England was fine and he made it around okay. We went to a Tottenham Hotspur soccer game. We took an open air double decker bus around London. We saw relatives that I only had a vague memory of meeting when I went in my early teens.
He often needed to sleep or spend a day at home wherever we were staying. He drove us all around, though, driving stick on the left side of the road. I remember seeing our cousin Anthony in Sheffield. He was having trouble parallel parking and I got frustrated. And I waved my arm to show him the direction the car should go to parallel park. “Come on, Dad!”
My father the parent was still taking care of me even as he knew that he was dying.
He wanted me to stay in England for two extra weeks with him. But I needed to get back, I thought. He didn’t press me on it. I needed to get back to what, though? To a job that I hated, a job that I would leave and never return to when my father died three weeks after the day that he dropped me off at Heathrow. We both got out of the car and I hugged him in his ubiquitous winter coat. He was big and I wrapped my arms around him. And I got choked up as he drove away.
It’s only occurred to me now that he knew that he was dying. He may not have had a prognosis but he knew on some level. He knew that he didn’t have much time to see friends or to go back to England. And he was right. He died a little over a week after her got home.
And now I can see him. My father the parent was still taking care of me even as he knew that he was dying. He was a seventy-two year old man who’s wife just died and he was tired. When we sat there together in front of the television, I thought only of my own loneliness, never his. When I waited for him on a street, I only thought about how his ailing health was effecting me. We talked daily and do you know what I would talk to him about? Do you want to know the topics I chose to discuss with my widowed father? Usually I would talk to him about frustrations over work and my dating life. Sometimes I would change the topic to something even more inconsequential.
“Dad, I think I’m losing my hair,” I said.
“Well, if you do, you’ll be handsome anyway,” he said.
Even then he let me talk and he listened. Christ, he was like the stump at the end of The Giving Tree. My friends have children now and I see how their children just need need need and I see how they’ve risen to the challenge. But maybe the needing isn’t just for infants and toddlers, maybe it never stops, not even when they’re in their thirties.
So, looking back, I shouldn’t have asked him about his marriage, I should have asked what it was like to have a kid. Did you like being a parent? What is it like taking care of a tiny selfish human? What about a bigger selfish human? How much did I take out of you?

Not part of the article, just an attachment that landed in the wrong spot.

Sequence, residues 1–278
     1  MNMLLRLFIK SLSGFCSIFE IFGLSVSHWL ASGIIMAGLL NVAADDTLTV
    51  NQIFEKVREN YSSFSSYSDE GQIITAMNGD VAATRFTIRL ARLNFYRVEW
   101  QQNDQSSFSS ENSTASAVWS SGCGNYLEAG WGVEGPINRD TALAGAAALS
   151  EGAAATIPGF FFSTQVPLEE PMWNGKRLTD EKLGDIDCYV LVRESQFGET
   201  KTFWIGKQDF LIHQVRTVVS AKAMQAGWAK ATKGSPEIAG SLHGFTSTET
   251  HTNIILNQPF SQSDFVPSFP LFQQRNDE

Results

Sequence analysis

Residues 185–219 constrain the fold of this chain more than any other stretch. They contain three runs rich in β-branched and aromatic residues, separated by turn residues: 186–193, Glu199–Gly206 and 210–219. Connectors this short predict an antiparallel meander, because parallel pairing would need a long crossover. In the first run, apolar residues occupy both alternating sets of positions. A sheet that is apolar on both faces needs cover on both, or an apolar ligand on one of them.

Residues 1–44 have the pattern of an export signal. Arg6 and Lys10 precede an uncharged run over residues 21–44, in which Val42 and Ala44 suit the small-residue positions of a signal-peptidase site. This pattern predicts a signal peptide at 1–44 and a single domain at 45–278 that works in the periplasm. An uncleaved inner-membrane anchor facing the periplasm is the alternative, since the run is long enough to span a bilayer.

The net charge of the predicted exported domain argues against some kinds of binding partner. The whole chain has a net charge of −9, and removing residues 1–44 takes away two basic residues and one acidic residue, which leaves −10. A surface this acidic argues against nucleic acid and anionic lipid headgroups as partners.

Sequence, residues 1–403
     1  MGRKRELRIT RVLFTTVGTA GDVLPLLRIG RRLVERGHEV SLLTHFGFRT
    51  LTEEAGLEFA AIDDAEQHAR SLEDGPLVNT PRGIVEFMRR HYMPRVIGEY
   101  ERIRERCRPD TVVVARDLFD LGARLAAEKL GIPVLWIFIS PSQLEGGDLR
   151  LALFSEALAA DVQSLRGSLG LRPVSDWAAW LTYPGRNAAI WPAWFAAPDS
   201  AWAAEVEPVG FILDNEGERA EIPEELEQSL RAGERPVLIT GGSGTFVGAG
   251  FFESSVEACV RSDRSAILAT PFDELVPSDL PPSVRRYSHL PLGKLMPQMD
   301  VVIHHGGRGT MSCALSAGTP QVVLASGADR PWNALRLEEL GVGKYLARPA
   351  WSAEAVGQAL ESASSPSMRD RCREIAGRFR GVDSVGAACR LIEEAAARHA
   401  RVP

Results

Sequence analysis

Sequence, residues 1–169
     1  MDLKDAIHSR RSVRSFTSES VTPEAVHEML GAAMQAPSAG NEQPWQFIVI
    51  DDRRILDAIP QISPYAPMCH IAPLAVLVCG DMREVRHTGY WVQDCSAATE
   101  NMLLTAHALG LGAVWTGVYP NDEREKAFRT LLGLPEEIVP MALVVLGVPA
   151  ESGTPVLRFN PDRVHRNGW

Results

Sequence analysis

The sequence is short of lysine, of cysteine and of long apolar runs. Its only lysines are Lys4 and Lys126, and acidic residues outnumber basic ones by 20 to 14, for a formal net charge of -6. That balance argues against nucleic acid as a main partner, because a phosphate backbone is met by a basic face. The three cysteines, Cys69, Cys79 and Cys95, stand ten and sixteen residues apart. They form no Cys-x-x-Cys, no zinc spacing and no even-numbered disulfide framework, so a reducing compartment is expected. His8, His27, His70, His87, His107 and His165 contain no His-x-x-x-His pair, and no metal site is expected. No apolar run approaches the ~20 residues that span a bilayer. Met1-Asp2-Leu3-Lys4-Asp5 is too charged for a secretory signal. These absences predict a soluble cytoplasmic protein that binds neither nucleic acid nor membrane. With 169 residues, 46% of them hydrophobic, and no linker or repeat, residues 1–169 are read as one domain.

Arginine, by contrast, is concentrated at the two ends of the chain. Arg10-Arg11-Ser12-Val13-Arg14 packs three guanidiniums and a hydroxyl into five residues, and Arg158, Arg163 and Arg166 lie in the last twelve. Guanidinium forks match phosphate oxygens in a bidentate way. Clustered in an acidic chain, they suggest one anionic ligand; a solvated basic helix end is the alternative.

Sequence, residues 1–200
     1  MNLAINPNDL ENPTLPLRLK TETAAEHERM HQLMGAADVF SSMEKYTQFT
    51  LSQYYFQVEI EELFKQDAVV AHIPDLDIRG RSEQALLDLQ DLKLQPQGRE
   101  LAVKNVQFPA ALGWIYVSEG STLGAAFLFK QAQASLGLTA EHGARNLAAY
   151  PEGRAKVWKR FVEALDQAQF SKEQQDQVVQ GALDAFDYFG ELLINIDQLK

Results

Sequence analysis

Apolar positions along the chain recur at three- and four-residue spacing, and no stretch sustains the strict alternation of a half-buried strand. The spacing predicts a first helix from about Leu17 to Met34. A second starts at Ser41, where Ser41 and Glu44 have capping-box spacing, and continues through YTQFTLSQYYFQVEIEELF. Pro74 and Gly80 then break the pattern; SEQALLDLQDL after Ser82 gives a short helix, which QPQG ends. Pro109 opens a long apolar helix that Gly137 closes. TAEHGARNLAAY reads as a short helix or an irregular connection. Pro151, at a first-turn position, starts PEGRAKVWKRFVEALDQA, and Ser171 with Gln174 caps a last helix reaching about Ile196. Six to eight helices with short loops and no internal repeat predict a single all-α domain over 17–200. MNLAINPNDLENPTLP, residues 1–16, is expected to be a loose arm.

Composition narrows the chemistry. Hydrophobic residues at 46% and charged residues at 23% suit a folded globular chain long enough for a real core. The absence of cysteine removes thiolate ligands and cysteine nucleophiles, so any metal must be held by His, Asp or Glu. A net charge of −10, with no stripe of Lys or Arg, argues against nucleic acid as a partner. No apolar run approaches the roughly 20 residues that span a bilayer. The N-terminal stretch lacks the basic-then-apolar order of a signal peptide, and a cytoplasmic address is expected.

After he died, I received an inheritance and I used that money to buy a home for myself in Brooklyn. I’ve been there for over three years now.
I still see Mimi and once, because I always remembered the conversation, I asked her, “so, where was the place that you lived where I was conceived?”
“Eighth avenue and second street,” she said, which is about three blocks from the apartment I bought.
It’s a coincidence but it’s a comforting coincidence. I walk past it every now and then. When my parents were in that building they were my age, relatively. They were probably feeling the days, months, and years passing faster but without any real gut understanding that the number of them is limited. In other words, they were still young, young enough to take a road trip down to Brooklyn from Maine to see a college friend. They hadn’t fallen prey to the killer of friendships – every day life. They had yet to give up.
In 1976, they were just friends visiting friends in their apartment. Maybe Mimi bummed a cigarette from my mom as they talked and laughed and I’m sure my mother drank too much. They probably had fun.
When I was twenty-five, my parents came down to New York to see me do a sketch comedy show. We all went out to the bar in The Ukrainian center in the East Village afterwards because the bar was always empty and we could take it over. My parents came too. They enjoyed the show and talked with my cast mates who got a kick out of them. My mother, cigarette perpetually between the fingers of her raised hand, spoke in her excited actress-without-an-outlet way and my father was next to her, smiling, genuinely enjoying being out with her.
They looked like a couple.
And now that I think about it, I do remember asking my father about their marriage. I remember once asking my father if they were happy together. “Well,” he said in his characteristically infuriating open ended way, “we had some good years.”
Some good years, he said, some good years.